What is water cremation? What happens to the body during resomation

What is water cremation? Here’s what happens to the human body during the resomation process

  • An ‘aquamation’ emits fewer greenhouse gases than a traditional cremation
  • Process said to cut the amount of harmful carbon dioxide by up to 90 per cent
  • Co-op Funeralcare has confirmed it will offer the service later this year

Aquamations are coming to Britain, as Co-op Funeralcare has confirmed that it will offer the service later this year.

Also known as alkaline hydrolysis, resomations, or water cremations, the process involves rapidly decomposing a corpse in a stream of water and alkaline chemicals – leaving only liquid and bones. 

It offers an eco-conscious alternative to burials and cremations, which burn lots of fuel and emit greenhouse gases. 

But what is a water cremation and what happens to the human body during the process?

MailOnline reveals its step-by-step guide to water cremations. 

The process offers an eco-conscious alternative to burials and cremations, which burns lots of fuel and emits greenhouse gas

Water cremation speeds up body’s breakdown, turning all but bones into liquid. Pictured: A resomator used for water cremations

What is a water cremation? 

What happens during a water cremation? 

During the aquamation process, the body is placed in a stainless steel vessel. 

Alkali is added, based on individual characteristics (weight, sex, embalming status), before the the vessel fills with water. 

The solution of 95 per cent water and five per cent alkali is heated to 200-300°F, and gently circulated for the entire length of the process.

At the end of the process, all material is broken down to the smallest building blocks; there is no DNA or RNA remaining. 

The sterile process water is released for recycling, and the vessel performs a fresh water rinse for the equipment and remains. 

When the operator opens the door, only the inorganic bone minerals remain, which are processed into powder and returned to the family in an urn. 

This final processing step is the same process that is followed with flame cremation. 

Why is it better for the environment? 

According to the Atlantic, aquamation has about one-tenth of the environmental impact of flame cremation, which requires a lot of fuel. 

A cremation is bad for the environment because it releases large amounts of carbon dioxide and other pollutants into the air.

The process involves heating the body in a mixture of potassium hydroxide and water for up to 90 minutes. Pictured: A Resomation Ltd resomator

READ MORE: Would YOU liquify your dead pet? 

One company in Seattle called Resting Waters offers aquamation of a dead pet for up to $550 (£430), depending on the size. Pictured, a company employee pours water into the aquamation machine, built by Bio-Response Solutions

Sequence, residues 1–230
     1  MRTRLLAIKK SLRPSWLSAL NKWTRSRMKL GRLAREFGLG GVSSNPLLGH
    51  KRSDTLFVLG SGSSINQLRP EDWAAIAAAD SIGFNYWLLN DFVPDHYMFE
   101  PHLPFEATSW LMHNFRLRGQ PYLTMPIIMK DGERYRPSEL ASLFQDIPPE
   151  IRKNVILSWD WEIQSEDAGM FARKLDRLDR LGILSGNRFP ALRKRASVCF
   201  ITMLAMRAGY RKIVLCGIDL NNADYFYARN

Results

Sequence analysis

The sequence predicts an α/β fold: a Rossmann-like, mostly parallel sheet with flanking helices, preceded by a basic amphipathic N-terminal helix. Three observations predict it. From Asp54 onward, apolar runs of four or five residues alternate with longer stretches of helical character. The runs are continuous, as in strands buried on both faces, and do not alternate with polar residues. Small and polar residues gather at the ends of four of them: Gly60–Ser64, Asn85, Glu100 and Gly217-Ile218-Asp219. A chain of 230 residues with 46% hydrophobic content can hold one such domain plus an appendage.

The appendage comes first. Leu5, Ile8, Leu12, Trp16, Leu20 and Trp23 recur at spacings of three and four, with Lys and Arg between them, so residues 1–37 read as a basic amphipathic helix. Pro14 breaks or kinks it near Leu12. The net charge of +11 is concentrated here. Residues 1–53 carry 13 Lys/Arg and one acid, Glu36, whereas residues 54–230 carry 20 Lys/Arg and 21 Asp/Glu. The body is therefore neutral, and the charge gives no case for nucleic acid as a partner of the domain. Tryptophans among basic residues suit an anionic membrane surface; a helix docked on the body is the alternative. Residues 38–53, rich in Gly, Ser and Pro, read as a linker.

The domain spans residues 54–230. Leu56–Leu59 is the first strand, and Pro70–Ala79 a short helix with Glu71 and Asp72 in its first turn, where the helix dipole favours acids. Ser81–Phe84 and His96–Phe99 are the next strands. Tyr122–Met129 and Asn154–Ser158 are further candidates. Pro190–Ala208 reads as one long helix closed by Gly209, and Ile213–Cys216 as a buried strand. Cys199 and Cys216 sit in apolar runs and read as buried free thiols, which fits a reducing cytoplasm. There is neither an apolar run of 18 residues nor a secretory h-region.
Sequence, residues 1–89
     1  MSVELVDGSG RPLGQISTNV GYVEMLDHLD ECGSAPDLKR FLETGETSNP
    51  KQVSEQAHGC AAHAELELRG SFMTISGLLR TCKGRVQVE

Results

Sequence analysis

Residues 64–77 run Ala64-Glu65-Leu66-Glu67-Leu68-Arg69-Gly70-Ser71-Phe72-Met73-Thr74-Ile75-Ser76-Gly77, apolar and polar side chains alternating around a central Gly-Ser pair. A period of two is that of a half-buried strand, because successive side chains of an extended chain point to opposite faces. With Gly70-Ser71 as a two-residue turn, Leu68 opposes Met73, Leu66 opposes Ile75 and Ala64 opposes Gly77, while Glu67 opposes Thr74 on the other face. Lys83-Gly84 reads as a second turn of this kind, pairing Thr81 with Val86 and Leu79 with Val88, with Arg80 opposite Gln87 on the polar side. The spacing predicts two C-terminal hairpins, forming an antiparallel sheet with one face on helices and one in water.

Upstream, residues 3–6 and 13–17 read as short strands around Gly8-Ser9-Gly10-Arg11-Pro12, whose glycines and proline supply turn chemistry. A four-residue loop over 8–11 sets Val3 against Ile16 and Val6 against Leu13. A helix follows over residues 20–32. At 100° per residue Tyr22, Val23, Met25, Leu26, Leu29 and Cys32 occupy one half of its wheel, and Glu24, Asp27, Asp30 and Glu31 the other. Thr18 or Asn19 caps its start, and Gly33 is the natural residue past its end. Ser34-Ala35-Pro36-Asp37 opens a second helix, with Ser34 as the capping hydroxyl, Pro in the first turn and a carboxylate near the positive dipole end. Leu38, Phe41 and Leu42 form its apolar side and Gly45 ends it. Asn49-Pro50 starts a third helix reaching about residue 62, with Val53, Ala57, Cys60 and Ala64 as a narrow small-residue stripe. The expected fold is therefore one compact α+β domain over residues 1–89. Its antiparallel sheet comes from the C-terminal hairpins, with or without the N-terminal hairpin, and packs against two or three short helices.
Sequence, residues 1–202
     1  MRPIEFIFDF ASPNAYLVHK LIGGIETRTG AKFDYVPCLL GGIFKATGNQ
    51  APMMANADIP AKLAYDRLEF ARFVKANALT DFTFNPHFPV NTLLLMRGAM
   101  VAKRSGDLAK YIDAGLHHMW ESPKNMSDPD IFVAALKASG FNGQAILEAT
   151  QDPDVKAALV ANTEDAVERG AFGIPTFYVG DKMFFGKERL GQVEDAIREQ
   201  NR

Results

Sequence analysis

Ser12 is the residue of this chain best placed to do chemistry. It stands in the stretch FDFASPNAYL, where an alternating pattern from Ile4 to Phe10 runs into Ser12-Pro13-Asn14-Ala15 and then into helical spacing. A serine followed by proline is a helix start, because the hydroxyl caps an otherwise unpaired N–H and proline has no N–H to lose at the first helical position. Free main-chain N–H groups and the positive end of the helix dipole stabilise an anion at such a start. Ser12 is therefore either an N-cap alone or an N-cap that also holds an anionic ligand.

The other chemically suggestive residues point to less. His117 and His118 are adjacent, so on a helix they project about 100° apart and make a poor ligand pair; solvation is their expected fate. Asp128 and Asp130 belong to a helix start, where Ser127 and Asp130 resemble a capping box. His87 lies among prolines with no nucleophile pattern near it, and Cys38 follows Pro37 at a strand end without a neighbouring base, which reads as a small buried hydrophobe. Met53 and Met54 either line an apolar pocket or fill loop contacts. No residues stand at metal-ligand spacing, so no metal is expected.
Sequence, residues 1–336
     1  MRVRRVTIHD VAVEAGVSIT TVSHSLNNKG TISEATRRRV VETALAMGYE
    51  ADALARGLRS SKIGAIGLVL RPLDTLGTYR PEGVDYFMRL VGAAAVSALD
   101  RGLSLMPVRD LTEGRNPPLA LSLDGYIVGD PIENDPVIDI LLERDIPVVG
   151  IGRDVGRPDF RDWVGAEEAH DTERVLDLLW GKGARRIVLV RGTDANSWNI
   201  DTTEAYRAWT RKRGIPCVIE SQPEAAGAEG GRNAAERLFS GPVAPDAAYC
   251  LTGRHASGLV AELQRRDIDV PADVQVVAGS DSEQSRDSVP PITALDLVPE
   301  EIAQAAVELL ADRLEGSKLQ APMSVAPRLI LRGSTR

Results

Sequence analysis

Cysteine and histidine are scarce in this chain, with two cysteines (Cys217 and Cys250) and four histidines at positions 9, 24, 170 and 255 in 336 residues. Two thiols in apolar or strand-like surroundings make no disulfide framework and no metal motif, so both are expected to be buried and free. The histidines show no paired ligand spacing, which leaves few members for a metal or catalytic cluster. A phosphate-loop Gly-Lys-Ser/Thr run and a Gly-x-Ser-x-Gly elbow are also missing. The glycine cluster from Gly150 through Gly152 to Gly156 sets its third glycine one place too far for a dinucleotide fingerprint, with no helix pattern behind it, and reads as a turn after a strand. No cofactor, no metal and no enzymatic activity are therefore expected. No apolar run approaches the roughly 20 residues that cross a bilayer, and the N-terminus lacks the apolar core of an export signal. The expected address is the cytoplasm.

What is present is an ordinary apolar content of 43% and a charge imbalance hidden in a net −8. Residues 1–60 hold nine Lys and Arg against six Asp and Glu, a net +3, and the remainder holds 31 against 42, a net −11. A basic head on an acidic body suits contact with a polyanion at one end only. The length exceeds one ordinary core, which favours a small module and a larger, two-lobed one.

According to the US Environmental Protection Agency, the average cremation produces about 535 pounds of carbon dioxide, which is the equivalent to driving a car about 600 miles. 

Another traditional option is a burial, but the problem with this is the vessel containing the body often takes years to decompose in the soil if it’s made of metal or plastic. 

Even if the vessel is compostable, such as a pine box, the decomposing corpse doesn’t usually have a healthy impact on the soil and can often stop grass and plants growing properly. 

How much does it cost?

While the cost for aquamations remains unclear, Funeral Guide claims that it will be around the same prices as a traditional cremation. 

‘It’s anticipated that an eco-friendly cremation will be priced around the same that’s charged for a traditional flame cremation,’ it explains on its website. 

‘These costs can vary at crematoria around the UK – and the fee is usually included as part of the total funeral bill.’ 

Why has interest in water cremations risen in Britain?

Interest in water cremations rose after Archbishop Desmond Tutu chose the eco-friendly process for his remains following his death on Boxing Day in 2021.

The Dean of St George’s Cathedral, the Very Reverend Michael Weeder, said Archbishop Tutu had ‘aspired to as an eco-warrior’.

Interest in water cremations rose after Archbishop Desmond Tutu (pictured) chose the eco-friendly process for his remains

When will it be available in Britain?

The Co-op, the largest funeral provider arranging more than 93,000 funerals a year, will work with sustainability experts to confirm existing research during its initial regional pilot later this year. 

The practice is growing in popularity in the US, Canada and South Africa. 

Its introduction will mark the first time an alternative to burial or cremation will be available since the Cremation Act in 1902.

A poll for Co-op Funeralcare found 89 per cent of adults had not heard of resomation but once explained, a third said they would choose it for their funeral.

Professor Douglas Davies, a death rites expert at Durham University, said: ‘The reduced carbon footprint that may come with resomation means it will be of interest to many people.’

The human remains are rinsed in a solution at 120C (248F), dried and pulverised into ashes before being handed to relatives to be kept or scattered. Pictured: A Resomation Ltd resomator

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